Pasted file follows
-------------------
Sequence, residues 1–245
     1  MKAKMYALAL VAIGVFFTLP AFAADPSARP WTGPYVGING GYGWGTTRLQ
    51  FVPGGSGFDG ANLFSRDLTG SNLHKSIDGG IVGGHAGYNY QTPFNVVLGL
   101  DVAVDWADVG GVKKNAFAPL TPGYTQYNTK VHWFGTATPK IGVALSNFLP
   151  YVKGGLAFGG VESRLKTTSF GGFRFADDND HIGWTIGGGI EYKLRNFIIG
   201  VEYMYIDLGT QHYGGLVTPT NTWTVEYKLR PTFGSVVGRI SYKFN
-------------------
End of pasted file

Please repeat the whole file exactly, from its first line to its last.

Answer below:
Sequence, residues 1–245
     1  MKAKMYALAL VAIGVFFTLP AFAADPSARP WTGPYVGING GYGWGTTRLQ
    51  FVPGGSGFDG ANLFSRDLTG SNLHKSIDGG IVGGHAGYNY QTPFNVVLGL
   101  DVAVDWADVG GVKKNAFAPL TPGYTQYNTK VHWFGTATPK IGVALSNFLP
   151  YVKGGLAFGG VESRLKTTSF GGFRFADDND HIGWTIGGGI EYKLRNFIIG
   201  VEYMYIDLGT QHYGGLVTPT NTWTVEYKLR PTFGSVVGRI SYKFN